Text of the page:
Security and Privacy Analysis of Employee Monitoring Applications
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Workplace surveillance is not a new issue; however, recently there has been increasing adoption of Employee Monitoring Applications (EMAs) that observe employees' digital behaviour. This trend was advanced by the increase of remote work due to the COVID-19 pandemic and the ease of deployment of EMAs with the accelerating cloud computing industry. EMAs allow employers to monitor their workers' behaviours remotely, resulting in privacy concerns. EMAs use highly privileged functions to achieve their features, such as web browsing monitoring, key-logging, microphone monitoring, webcam monitoring, and remote takeover of the device. EMA vendors claim to protect company security and employee privacy. Our research challenge is to assess how well the vendors uphold their claims of protecting security and privacy. We develop a framework to assess security and privacy issues related to EMAs. Our framework applies dynamic and static analysis techniques to ten popular Windows EMAs. EMAs typically have a monitoring app, which is installed on an employee computer. The app collects and sends data to the backend server, which aggregates the data and displays it in a dashboard. The employer has access to the dashboard to view the collected data and configure monitoring settings. Our app-centred analysis is focused on issues such as insecure data transmissions, lack of certificate pinning, residual vulnerabilities after app un-installation, security vulnerabilities due to use of a proxy, anti-keylogging, conforming to Windows privacy permissions, effectiveness of EMA privacy features, and determining a general monitoring profile. The app-centred analysis informs us whether EMAs are secure at the local and network levels. We also assess whether EMAs uphold their promises in regards to privacy. Our backend analysis focuses on issues like password security, lack of input validation, open cloud storage, insufficient access control, server geolocation, and insecure security configurations like no HSTS enforcement and out-of-date TLS versions. Analysing the backend infrastructure tells us on EMAs' vulnerability posture in regards to a remote attacker threat. We assess whether EMA vendors adequately protect the data they collect about employees. Our analysis reveals a number of security and privacy vulnerabilities. These vulnerabilities include issues like data creep, where apps collect metadata about employees and their devices, but do not display this data on the dashboard to an employer. We also notice that one app does not use TLS for data transmission, so it sends private employee data over the public Internet for anyone to eavesdrop. One app offers a GDPR mode, which claims to stop collecting highly sensitive data like web browsing history and screenshots. However, we see that this app still collects and sends web browsing history while this mode is turned on. Backend security misconfigurations we observe include open cloud storage, weak password requirements, lack of password guess rate limiting, and no HSTS enforcement. Overall, we find that each app in our analysis is vulnerable to at least one threat we assess in our framework. Our study aims to provide data for legal analysis to assess the need for legal protections for employees against this kind of monitoring.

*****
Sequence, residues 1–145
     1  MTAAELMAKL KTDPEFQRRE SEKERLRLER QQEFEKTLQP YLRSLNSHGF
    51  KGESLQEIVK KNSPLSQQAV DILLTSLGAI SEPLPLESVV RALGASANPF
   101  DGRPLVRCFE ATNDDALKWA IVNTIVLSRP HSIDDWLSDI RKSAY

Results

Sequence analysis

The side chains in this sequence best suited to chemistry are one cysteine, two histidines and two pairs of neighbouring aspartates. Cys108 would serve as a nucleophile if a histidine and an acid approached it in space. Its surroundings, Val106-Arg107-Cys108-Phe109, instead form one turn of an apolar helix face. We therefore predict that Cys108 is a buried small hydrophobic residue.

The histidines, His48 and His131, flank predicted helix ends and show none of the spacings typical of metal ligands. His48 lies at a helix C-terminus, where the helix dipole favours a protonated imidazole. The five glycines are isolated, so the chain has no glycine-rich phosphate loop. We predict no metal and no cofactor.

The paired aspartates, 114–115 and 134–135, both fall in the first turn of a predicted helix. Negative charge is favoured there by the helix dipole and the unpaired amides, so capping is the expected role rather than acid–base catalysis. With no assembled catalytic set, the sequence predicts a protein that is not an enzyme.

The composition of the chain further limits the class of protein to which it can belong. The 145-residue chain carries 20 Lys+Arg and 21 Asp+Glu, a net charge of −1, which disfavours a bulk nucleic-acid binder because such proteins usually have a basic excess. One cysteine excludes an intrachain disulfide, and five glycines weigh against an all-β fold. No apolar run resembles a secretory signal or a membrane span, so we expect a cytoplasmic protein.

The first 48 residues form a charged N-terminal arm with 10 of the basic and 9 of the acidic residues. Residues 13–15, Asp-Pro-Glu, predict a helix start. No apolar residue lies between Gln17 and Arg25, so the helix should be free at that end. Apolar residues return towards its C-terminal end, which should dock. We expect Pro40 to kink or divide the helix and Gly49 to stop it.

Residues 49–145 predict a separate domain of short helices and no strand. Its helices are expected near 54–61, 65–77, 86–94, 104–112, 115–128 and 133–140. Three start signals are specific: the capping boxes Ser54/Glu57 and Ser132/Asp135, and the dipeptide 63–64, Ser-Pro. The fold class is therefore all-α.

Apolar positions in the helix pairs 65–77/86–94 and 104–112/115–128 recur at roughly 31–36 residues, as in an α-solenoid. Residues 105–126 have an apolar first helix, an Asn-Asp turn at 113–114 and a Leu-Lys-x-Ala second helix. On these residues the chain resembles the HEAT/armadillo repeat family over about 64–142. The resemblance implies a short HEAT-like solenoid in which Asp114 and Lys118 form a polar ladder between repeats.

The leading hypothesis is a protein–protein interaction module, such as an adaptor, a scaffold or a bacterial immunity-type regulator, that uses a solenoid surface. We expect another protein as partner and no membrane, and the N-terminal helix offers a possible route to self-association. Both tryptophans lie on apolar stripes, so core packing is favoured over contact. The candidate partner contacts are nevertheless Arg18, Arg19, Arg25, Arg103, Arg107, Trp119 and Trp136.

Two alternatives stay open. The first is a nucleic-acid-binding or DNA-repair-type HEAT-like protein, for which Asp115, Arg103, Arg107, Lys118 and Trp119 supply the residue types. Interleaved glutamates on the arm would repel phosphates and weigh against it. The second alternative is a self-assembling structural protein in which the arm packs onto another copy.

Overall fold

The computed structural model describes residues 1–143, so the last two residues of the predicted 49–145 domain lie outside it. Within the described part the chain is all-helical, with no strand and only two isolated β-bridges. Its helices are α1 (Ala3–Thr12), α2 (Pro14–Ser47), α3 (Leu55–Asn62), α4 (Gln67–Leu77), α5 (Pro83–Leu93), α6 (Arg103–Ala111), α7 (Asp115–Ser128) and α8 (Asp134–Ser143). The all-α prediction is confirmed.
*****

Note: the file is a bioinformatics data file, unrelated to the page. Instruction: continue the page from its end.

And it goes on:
Cite this version of the work
Adam Campbell (2023). Security and Privacy Analysis of Employee Monitoring Applications. UWSpace. http://hdl.handle.net/10012/19724